The coevolution of renewable resources and institutions - implications for policy design

Research output: Thesisinternal PhD, WU

Abstract

 

This PhD thesis studies how natural renewable resources and institutions governing those resources mutually influence each other. Theoretical models are developed in which members of a small community have joint access to a common pool resource. We analyze under which circumstances social norms of cooperation evolve that effectively regulate resource exploitation, but also when those social norms break down, identifying obstacles for community governance. Furthermore, in the light of biological and social complexity this thesis analyzes how governmental policy should be designed if self-governance is not sufficient to protect the resource stock. The insights obtained are applied to the case of Arcto-Norwegian cod. An optimal management plan is developed that can be adapted to several policy objectives concerning the utilization of the fleet. In addition, management advice is given for the case that harvesting may trigger an evolutionary response of the fish stock.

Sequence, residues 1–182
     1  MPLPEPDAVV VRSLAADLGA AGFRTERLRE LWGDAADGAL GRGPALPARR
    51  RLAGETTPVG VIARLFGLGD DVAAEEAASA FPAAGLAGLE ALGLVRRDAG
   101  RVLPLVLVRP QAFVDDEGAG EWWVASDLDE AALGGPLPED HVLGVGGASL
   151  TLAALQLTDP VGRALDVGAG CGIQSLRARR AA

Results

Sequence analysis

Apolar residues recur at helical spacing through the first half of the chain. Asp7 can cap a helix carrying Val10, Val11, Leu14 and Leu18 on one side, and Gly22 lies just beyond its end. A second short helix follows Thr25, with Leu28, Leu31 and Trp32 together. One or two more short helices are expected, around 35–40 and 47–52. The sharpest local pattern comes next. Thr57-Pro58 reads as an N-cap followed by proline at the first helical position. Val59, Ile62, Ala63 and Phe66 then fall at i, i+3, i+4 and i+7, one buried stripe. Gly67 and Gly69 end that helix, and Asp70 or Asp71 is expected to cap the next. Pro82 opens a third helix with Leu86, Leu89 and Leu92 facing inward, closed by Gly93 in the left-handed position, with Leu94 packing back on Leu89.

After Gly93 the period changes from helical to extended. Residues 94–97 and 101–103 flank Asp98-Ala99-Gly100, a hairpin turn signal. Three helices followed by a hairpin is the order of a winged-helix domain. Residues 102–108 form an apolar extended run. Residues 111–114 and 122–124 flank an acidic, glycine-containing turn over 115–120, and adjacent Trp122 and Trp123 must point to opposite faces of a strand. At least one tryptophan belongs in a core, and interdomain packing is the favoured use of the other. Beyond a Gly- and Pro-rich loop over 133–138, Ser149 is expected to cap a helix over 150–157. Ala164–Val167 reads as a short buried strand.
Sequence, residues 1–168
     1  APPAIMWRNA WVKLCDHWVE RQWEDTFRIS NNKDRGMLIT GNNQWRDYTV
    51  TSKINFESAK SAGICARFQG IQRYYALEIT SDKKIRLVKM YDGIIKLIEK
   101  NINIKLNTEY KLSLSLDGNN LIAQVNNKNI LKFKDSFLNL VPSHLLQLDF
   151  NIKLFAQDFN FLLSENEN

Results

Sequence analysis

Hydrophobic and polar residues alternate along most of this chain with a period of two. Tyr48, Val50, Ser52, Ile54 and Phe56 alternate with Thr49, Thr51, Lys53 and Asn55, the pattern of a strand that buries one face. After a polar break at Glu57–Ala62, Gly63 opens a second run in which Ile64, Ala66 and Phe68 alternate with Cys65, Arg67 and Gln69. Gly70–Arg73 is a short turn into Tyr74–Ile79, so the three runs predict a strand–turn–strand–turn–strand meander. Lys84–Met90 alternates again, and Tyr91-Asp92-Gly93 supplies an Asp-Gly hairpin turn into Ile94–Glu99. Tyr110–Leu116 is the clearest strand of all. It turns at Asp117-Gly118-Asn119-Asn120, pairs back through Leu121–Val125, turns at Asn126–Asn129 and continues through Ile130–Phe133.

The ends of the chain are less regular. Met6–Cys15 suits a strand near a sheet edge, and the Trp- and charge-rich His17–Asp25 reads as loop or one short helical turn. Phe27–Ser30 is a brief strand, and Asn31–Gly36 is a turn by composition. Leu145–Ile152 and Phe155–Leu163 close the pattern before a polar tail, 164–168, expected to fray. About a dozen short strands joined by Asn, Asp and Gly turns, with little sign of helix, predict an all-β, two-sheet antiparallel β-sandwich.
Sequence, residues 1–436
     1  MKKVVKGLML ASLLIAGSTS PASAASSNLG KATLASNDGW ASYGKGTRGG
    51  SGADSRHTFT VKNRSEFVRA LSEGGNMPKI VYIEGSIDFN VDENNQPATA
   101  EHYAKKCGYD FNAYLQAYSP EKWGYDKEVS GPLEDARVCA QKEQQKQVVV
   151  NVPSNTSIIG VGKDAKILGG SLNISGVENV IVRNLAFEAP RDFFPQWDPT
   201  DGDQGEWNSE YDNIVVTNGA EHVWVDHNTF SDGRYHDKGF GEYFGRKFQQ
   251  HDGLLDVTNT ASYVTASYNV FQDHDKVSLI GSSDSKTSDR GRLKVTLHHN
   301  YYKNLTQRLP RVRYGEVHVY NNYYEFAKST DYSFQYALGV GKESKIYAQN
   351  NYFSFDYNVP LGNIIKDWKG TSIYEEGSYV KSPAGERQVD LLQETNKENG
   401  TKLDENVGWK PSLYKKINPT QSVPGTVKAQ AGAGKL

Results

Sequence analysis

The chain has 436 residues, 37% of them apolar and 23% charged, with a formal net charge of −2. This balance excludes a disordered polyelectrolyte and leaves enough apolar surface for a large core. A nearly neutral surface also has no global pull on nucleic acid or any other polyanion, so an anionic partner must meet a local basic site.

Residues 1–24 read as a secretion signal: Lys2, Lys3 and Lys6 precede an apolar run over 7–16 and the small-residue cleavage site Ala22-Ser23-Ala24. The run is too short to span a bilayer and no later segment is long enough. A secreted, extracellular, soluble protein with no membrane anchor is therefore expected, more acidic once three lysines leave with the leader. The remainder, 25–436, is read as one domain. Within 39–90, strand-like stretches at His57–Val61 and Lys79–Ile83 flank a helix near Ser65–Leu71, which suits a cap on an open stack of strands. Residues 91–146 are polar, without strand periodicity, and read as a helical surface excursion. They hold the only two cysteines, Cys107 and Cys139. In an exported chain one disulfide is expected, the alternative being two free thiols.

Original languageEnglish
QualificationDoctor of Philosophy
Awarding Institution
  • Wageningen University
Supervisors/Advisors
  • Grasman, Johan, Promotor
  • van Soest, D.P., Co-promotor, External person
Award date4 Mar 2011
Place of Publication[S.l.]
Print ISBNs9789085858393
Publication statusPublished - 2011

Keywords

  • mathematical models
  • cod
  • fishery management
  • fishery policy
  • fisheries ecology
  • resource management
  • environmental policy
  • environmental economics

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